We were high up on the ridge of a glacier. To our right, all we could see was unbroken, endless white, a curve of ice and snow stretching all the way to the horizon. Before us lay the ocean, speckled with jagged islands, huge floating icebergs, and furious fast-moving waves. There was no movement, no footsteps. I felt a tug, and I turned back to face the nine bundled figures spread out behind me in single file, connected to each other with harnesses and rope. Unable to hear each other over the wind, we could feel each other’s every movement through the tug and pull of the rope. These tugs guided us as we matched rhythm step by step, walking together as one to find our new campsite safely.
Boarding our plane back to Chile at the end of our nine-day trip, we huddled together for warmth in celebration and disbelief at being the first undergraduates to join the Wharton Leadership Venture to Antarctica, alongside the usual group of MBA participants. Our expedition this past December was one of the more immersive hands-on experiences organized by WLV in its mission to encourage “exploring and mastering capabilities for effective individual and team leadership” by bringing participants to unfamiliar team-based, often outdoor settings. For me and my five undergrad classmates, Antarctica was a whole new level of adventure.
Going in, many of us were nervous and uncertain about what we would do from day to day. But that’s exactly what drew me to the trip—when faced with anything that makes me uncomfortable, I jump in and challenge myself to adjust. I still had fears, though—mostly of holding back my team. (I was also so nervous about navigating that I printed out a “How to read a compass” packet before I realized that we use GPS and that compasses don’t work well near the South Pole.)
Though I believe I’m a self-reflective person, sometimes I struggle to identify biases in my own thinking, and I miss out a lot on what’s happening “out there” when I’m in my own head. WLV’s Antarctica trip taught me that to look in, one must first look out. Every morning I reminded myself to still my mind, to pay attention, to observe the world around me. Our guide, Vero, once said that to her, the beauty of Antarctica is that despite its stark simplicity, nothing remains the same each day. It’s easy not to notice the ice that forms over a small stream, the new bird tracks in the sand, the lichens under your feet that are photosynthesizing while frozen at -20 degrees Celsius.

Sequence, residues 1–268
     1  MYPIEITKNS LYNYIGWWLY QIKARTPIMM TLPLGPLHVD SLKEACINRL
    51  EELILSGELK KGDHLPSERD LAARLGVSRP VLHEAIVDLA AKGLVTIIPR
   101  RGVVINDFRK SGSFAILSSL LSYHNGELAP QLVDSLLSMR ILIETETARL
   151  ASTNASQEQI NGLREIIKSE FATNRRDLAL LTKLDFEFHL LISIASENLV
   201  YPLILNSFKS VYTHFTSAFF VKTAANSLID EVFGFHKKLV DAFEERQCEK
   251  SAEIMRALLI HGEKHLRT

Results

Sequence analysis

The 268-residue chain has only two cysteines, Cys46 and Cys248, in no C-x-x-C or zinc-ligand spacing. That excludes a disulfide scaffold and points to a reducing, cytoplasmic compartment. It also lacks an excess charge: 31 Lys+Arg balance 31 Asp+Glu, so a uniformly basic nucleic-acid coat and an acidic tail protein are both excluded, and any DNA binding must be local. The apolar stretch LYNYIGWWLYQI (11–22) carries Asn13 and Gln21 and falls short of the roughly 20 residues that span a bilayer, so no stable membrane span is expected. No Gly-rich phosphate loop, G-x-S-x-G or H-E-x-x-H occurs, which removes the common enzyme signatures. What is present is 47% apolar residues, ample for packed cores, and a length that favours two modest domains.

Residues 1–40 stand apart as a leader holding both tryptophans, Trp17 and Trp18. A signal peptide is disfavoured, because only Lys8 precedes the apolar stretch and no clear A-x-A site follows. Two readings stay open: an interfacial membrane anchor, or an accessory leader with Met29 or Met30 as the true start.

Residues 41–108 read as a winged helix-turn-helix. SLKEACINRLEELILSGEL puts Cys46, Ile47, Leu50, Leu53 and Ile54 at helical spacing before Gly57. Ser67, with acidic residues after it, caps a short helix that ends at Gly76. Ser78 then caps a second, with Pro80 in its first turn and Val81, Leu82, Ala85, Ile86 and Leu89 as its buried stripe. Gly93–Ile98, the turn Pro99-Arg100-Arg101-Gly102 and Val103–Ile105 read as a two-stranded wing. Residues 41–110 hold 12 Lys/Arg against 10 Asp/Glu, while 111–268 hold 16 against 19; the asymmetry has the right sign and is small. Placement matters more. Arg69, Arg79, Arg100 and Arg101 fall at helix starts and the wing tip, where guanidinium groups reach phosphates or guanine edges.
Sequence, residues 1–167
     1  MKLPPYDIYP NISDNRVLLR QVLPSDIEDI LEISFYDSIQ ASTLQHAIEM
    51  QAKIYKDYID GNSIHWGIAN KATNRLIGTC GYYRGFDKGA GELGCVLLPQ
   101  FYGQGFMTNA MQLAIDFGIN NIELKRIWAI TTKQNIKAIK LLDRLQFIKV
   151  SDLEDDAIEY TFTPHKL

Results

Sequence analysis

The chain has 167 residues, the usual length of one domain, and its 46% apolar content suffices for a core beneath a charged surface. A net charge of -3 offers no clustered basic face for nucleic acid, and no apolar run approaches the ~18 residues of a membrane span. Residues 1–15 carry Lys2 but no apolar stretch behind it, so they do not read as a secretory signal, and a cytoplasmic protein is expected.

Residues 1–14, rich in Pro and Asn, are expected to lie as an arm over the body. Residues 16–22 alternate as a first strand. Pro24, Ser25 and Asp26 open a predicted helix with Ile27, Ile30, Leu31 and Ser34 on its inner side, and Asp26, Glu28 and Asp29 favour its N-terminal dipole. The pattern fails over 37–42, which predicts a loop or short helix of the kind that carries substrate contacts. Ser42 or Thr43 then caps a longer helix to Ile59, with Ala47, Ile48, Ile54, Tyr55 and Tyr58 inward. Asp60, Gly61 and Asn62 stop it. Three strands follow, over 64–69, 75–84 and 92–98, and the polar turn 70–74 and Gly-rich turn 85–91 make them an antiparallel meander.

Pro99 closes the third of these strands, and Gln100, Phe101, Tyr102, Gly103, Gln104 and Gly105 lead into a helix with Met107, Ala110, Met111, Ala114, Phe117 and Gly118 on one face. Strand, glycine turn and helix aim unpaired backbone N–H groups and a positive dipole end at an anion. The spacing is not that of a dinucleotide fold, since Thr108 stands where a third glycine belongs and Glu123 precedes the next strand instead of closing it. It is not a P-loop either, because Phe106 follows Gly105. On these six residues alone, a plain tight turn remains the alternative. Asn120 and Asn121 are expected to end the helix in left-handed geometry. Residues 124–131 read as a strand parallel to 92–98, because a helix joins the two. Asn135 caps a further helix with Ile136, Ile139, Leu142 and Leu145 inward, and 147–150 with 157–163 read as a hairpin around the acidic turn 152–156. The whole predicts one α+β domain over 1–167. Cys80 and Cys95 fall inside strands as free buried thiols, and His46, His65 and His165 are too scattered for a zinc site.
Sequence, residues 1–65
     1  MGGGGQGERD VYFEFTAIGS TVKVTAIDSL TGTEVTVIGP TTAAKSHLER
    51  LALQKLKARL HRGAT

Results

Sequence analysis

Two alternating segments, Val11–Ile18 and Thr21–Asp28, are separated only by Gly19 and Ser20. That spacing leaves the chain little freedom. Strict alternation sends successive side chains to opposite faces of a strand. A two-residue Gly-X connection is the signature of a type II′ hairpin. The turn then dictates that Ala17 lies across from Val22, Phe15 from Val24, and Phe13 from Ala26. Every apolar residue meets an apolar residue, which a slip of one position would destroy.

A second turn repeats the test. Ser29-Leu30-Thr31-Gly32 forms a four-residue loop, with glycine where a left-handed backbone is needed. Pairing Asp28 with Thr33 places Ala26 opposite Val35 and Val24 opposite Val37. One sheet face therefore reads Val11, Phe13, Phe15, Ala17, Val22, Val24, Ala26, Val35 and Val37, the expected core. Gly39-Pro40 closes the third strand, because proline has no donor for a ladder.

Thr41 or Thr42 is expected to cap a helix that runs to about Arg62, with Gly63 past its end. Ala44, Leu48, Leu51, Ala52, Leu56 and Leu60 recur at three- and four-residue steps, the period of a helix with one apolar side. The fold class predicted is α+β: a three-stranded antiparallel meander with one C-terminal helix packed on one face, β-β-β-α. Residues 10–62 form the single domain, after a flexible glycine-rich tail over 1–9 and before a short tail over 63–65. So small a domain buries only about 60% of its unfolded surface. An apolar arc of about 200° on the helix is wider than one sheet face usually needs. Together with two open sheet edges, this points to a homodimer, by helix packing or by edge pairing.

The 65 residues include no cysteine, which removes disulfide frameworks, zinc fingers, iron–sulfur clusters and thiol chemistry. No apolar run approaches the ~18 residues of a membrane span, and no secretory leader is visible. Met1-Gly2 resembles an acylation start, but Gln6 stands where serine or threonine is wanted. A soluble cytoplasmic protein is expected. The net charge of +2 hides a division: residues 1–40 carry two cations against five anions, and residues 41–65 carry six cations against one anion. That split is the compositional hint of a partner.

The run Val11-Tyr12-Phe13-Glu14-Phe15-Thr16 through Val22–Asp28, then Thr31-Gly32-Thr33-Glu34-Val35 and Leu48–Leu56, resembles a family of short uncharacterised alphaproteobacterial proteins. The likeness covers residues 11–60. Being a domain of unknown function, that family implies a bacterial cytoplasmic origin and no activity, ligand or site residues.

Our leadership frameworks emphasized how seemingly small acts and the words we choose have a significant impact on group dynamics and the tone of group culture. Moreover, they impact how you are perceived. By being conscientious about our language, we were able to communicate more effectively and set a professional tone when it was our turn to be “Leader of the Day” (LOD). We were also a very positive group; even when things were tough or the days were long (the sun set at around 11 p.m. and rose around 3 a.m.), we cheered each other up and stayed optimistic. It certainly wasn’t hard to be upbeat when surrounded by penguins and seal babies.
Meanwhile, our “AARs”—“after-action reviews,” when we gathered in a close circle and reviewed the day’s goals and challenges—helped us dig deeper with group feedback and analysis. It wasn’t always easy; by this time of night, we were cold and ready to curl up in our sleeping bags. But honest and specific feedback is an opportunity to learn about yourself. For example, after my LOD, my teammates pinpointed specific times when I was helpfully directive in packing our gear in the morning, but also many times when I should have stepped up—literally as pathfinder, and vocally as a leader organizing our group to find a new campsite.
But what was Antarctica like, besides beautiful and cold? It was seeing curious penguins leaping through the water whenever we were by the coast. It was almost stepping on sea lions, because they look like rocks and don’t move. It was visiting the Chinese base, eating tomatoes from their greenhouse, and playing drums with the Uruguayans. It was climbing a mountain (our “China Summit”) from which we saw unparalleled views of the water, faraway glacier cliffs, and endless rocky land and snow. It was learning how to raise a tent, and retain your patience, in strong winds. But most of all, it was the people that made this trip for me.
We started as a small group of six undergraduates, strangers to each other and to the world in which we were immersing ourselves. When we left, we were a close-knit family, in awe of how such a cold environment could be so dynamic and full of life, and humbled by the discoveries we had made about ourselves and one another. Huddled together back on campus weeks later, this time at a tapas restaurant in downtown Philly instead of over a miniature cook stove, we shared photos, memories, and laughs as we planned more modest adventures—baking bread and skiing in the Poconos. We marveled at how the building of genuine trust in each other has tied us together by something much stronger than glacier ropes. I know that for each of us, this was one of the best decisions of our lives.
Charlotte de Vaulx W19 is from North Salem, New York, concentrating in operations, information, and decisions at Wharton and pursuing a dual degree in the College. Besides playing for the Penn Women’s Rugby team, Charlotte is on the boards of Wharton Alliance and MUSE community service consulting.
Published as “Postcards From the South Pole” in the Spring/Summer 2017 issue of Wharton Magazine.